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Congress Passes Continuing Resolution, Averting Shutdown – Breaking Defense Breaking Defense


Congress has managed to keep the government’s doors open, if barely. (Win McNamee/Getty Images)

WASHINGTON: The US Congress today voted to avert a government shutdown, passing a Continuing Resolution funding measure that will run through Dec. 3.

The vote was 65-35 in the Senate and 254-175 in the House. While the assumption in Washington was that a deal would get done, once again, Congress seemed inclined to wait until the last minute to take care of business.

The government has operated under a CR, ranging from 76 to 216 days, every fiscal year since 2010, with the exception of 2019.

For the Pentagon, some money is better than no money, especially after the effects of the 2013 government shutdown. On Sept. 24, John Kirby, the Pentagon’s chief spokesman, said the department was reviewing “specific programs” to prepare for a potential “costly” shutdown.

“As I think you’ve seen through previous shutdowns, should there be one, that we have to continue to defend the nation, and we have to make sure that — that the capabilities, the resources, the people are in place to continue to look after our national security interests,” Kirby said then. “Again, hopefully, there won’t be one. Nobody wants to see that. And the administration is working hard to try to prevent that. But this — the core essential task of the department will — will carry on, and that is to defend the nation.”

But while a CR is preferable to a shutdown, it’s hardly welcomed in the department. Under a CR, only programs that were funded in the previous fiscal year can continue, with no “new start” programs allowed. That means that if the Pentagon had planned to start procurement on Oct. 1, or begin investing R&D money in early November for a new directed energy prototype, those projects are now on hold until a true budget is passed.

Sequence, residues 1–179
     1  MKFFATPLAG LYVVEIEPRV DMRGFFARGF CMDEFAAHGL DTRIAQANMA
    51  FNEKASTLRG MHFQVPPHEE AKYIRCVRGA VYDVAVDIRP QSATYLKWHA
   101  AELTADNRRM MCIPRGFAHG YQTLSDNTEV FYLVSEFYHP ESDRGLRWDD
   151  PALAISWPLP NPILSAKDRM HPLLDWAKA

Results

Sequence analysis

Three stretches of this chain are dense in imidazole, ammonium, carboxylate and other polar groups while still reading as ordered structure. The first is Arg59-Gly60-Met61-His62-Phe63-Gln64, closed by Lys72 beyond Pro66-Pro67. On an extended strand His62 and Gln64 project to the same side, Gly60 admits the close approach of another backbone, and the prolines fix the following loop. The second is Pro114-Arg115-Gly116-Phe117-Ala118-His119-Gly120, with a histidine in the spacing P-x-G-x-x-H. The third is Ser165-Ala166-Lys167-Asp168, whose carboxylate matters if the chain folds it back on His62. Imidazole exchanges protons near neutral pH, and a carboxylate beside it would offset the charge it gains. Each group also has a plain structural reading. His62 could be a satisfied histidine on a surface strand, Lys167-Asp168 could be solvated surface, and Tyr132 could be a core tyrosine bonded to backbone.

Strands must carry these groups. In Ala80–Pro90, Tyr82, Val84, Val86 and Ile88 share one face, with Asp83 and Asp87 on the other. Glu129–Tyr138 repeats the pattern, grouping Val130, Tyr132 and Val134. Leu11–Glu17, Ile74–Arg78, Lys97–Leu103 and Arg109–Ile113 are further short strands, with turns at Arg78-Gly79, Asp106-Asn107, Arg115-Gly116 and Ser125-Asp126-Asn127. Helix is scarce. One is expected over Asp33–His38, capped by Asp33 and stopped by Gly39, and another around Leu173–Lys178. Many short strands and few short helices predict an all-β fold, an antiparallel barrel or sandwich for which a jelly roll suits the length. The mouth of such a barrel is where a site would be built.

“I think the CR, the CR thing, kind of worries us,” Lt. Gen. Duke Richardson, the Air Force’s top uniformed acquisition official, said earlier this month. “Anytime we change, anytime we’re increasing a quantity on a procurement program or starting something fresh,” he noted, the potential CR is part of the planning.

“It’s just part of the reality of the environment, unfortunately,” he added.

And the Pentagon has evolved to deal with that reality, according to a recent report from the Government Accountability Office, which states that for the department, “preparing for and operating under CRs have become routine in nature.”

As a result, defense planners have taken to limiting the number of contracts they plan to give out in the first quarter of the year — essentially, pushing as much spending as possible to later in the year when a CR will most likely be over, in order to mitigate its impacts on operations, the GAO found.

Of course, for lawmakers this CR only kicks the can down the road. Come late November, Congress may once again be scrambling to find ways to keep the doors open.



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